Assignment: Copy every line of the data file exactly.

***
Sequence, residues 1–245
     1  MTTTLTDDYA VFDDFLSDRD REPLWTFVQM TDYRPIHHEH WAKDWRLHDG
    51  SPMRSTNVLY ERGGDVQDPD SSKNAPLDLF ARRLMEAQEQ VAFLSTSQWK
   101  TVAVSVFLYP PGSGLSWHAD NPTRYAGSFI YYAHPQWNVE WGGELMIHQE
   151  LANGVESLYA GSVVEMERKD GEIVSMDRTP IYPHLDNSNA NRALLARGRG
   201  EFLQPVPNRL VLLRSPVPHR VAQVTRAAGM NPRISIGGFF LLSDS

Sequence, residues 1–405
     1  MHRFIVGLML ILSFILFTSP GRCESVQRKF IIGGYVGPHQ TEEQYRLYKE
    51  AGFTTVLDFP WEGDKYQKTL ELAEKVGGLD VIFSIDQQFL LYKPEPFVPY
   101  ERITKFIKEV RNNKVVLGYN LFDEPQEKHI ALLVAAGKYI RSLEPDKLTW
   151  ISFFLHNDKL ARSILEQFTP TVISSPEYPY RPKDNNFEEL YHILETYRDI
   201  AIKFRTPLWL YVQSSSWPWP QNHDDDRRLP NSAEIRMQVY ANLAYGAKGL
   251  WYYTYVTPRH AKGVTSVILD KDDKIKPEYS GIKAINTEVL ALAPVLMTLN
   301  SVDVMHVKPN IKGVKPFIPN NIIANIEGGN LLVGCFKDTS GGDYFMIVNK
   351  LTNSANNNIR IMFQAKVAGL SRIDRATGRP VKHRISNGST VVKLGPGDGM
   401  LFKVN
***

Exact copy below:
Sequence, residues 1–245
     1  MTTTLTDDYA VFDDFLSDRD REPLWTFVQM TDYRPIHHEH WAKDWRLHDG
    51  SPMRSTNVLY ERGGDVQDPD SSKNAPLDLF ARRLMEAQEQ VAFLSTSQWK
   101  TVAVSVFLYP PGSGLSWHAD NPTRYAGSFI YYAHPQWNVE WGGELMIHQE
   151  LANGVESLYA GSVVEMERKD GEIVSMDRTP IYPHLDNSNA NRALLARGRG
   201  EFLQPVPNRL VLLRSPVPHR VAQVTRAAGM NPRISIGGFF LLSDS

Sequence, residues 1–405
     1  MHRFIVGLML ILSFILFTSP GRCESVQRKF IIGGYVGPHQ TEEQYRLYKE
    51  AGFTTVLDFP WEGDKYQKTL ELAEKVGGLD VIFSIDQQFL LYKPEPFVPY
   101  ERITKFIKEV RNNKVVLGYN LFDEPQEKHI ALLVAAGKYI RSLEPDKLTW
   151  ISFFLHNDKL ARSILEQFTP TVISSPEYPY RPKDNNFEEL YHILETYRDI
   201  AIKFRTPLWL YVQSSSWPWP QNHDDDRRLP NSAEIRMQVY ANLAYGAKGL
   251  WYYTYVTPRH AKGVTSVILD KDDKIKPEYS GIKAINTEVL ALAPVLMTLN
   301  SVDVMHVKPN IKGVKPFIPN NIIANIEGGN LLVGCFKDTS GGDYFMIVNK
   351  LTNSANNNIR IMFQAKVAGL SRIDRATGRP VKHRISNGST VVKLGPGDGM
   401  LFKVN